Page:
Best Serbian Writers: 10 Authors That We Recommend

Stacks of colorful books

It’s no secret that Serbian literature is rich, with plenty of reads to add to your bucket list. If you’re curious but don’t know where to begin, you probably want to know about the best Serbian writers.

While each of these authors has a unique style, all of them are absolutely worth your time. So, here’s our pick of the best Serbian writers. Let’s begin!

Meša Selimović

One of the best Serbian writers, Meša Selimović, explored life’s big questions. Notably, he depicted human struggles and emotions in simple yet profound ways in his works.

His most famous novel, Derviš i smrt (Death and the Dervish), deals with themes of justice, faith, and the quest for personal freedom through a story of a dervish facing life’s toughest challenges.

Ivo Andrić

A black and white photo of a man with eyeglasses.
Nobel laureate Ivo Andrić

Ivo Andrić was a Yugoslav novelist and short story writer. Likely the most famous writer from the region, he won the Nobel Prize in 1961. Typically, his works deal with life in Bosnia under the Ottoman Empire.

His iconic novel, Na Drini ćuprija (The Bridge on the Drina), features an unlikely main character — a bridge that has seen it all: war, peace, and the drama of everyday life. In other words, it’s a peek into Balkans history, with a bridge telling us stories about human relationships and resilience.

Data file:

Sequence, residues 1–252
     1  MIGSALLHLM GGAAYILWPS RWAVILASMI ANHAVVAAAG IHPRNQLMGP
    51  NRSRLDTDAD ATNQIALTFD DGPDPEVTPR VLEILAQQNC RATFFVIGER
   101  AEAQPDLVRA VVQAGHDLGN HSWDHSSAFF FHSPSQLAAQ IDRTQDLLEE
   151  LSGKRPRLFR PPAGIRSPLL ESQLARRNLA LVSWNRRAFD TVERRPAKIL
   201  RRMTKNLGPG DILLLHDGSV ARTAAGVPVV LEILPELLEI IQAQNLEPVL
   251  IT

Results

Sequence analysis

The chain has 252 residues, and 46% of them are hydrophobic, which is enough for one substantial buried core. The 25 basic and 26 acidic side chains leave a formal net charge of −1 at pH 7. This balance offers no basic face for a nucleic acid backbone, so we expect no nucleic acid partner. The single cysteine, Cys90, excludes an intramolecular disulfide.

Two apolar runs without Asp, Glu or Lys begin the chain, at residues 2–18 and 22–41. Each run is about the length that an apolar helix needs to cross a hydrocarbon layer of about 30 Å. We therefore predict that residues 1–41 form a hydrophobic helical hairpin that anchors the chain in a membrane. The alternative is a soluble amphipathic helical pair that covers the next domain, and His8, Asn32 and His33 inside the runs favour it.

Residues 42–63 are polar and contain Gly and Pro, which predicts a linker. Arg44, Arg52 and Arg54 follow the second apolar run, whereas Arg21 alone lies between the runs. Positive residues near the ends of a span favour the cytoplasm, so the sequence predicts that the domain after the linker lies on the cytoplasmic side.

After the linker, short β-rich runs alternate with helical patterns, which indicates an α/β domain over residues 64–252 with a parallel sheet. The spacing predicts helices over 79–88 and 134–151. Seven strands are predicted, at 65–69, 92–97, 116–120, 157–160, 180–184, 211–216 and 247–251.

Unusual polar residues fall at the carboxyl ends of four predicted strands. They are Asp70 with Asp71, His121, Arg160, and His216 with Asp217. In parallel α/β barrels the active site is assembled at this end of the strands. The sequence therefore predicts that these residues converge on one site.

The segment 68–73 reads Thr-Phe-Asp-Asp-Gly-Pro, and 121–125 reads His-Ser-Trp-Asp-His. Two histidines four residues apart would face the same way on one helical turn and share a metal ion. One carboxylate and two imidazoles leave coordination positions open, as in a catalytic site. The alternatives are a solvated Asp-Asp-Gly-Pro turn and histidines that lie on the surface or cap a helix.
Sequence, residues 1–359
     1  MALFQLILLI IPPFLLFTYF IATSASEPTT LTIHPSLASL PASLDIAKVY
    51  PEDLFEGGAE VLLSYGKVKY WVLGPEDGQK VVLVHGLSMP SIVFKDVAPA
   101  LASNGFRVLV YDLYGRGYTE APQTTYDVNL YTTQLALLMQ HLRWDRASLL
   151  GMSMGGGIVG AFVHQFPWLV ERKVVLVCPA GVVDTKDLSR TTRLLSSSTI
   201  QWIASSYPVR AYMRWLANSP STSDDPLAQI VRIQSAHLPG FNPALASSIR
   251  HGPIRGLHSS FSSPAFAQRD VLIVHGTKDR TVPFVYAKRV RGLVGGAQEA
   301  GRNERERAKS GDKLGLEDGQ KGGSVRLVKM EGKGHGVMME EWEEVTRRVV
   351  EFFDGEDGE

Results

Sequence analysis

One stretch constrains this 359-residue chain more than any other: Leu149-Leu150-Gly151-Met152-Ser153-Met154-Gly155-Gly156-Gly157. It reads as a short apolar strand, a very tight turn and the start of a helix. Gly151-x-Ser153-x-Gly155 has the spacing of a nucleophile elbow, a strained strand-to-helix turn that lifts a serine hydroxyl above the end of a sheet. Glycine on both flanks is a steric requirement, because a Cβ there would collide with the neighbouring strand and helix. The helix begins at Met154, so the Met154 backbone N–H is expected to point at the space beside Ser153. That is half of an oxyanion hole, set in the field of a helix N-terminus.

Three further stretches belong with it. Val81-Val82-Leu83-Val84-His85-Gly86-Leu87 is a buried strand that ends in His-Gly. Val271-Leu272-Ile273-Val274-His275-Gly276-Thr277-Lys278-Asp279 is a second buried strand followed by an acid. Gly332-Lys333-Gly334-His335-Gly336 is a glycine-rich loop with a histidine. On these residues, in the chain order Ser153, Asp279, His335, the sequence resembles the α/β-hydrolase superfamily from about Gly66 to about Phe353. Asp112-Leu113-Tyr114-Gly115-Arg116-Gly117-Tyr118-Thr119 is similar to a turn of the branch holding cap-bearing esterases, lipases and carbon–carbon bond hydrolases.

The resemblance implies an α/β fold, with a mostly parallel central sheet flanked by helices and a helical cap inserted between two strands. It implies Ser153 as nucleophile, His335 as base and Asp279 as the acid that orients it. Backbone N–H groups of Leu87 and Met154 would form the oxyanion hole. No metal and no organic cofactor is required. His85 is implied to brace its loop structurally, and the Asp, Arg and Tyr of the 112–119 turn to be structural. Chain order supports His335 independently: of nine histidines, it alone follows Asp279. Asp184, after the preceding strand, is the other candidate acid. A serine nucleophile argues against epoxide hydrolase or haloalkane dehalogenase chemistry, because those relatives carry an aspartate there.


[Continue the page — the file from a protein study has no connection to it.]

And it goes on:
Isidora Sekulić

Isidora Sekulić was one of the greatest Serbian authors of the 20th century. Notably, she brought a fresh perspective to Serbian literature. Namely, her works focus on human thoughts and introspection — a novelty at her time.

Besides, Isidora was a polyglot and a globetrotter. She wrote her famous travelogue, Pisma iz Norveške (Letters from Norway), while she was enjoying the woods and fjords of Norway.

Milorad Pavić

Milorad Pavić stood out for his imaginative writing. Namely, he played with words and ideas, creating books that you can read in different ways. As a result, Pavić’s writing is like a treasure hunt, full of surprises and hidden meanings.

For instance, his most famous work, Hazardski rečnik (Dictionary of the Khazars), is a puzzle-like novel that explores the mysteries of the ancient Khazar people through a magical blend of history and fiction. Thanks to a non-linear plot, you can start reading this work from any page.

Borislav Pekić

A man with eyeglasses sitting on the ground, smoking a cigarette.
A novelist and dissident, Borislav Pekić

Borislav Pekić was one of the best Serbian writers of the 20th century. Also, he was a political activist fighting for democracy. Consequently, he served five years in prison. As for his works, he crafted stories that challenge the mind and stir the imagination, all with a touch of dark humor.

One of his most famous novels, Zlatno runo (The Golden Fleece), combines myth and history into an exploration of power, betrayal, and the quest for truth in a world where nothing is what it seems. To be fair, it’s a challenging read that consists of seven thick volumes.

For a more easy-to-understand piece of fiction, we recommend his Besnilo (Rabies). Namely, it’s an exciting and chilling story of people trapped in quarantine during a rabies outbreak at Heathrow Airport.

Danilo Kiš

Danilo Kiš was a Serbian poet and short story writer. Sadly, he faced great personal tragedies, including the death of his father during World War II. As a result, his writing centers on themes of loss, memory, and the search for identity.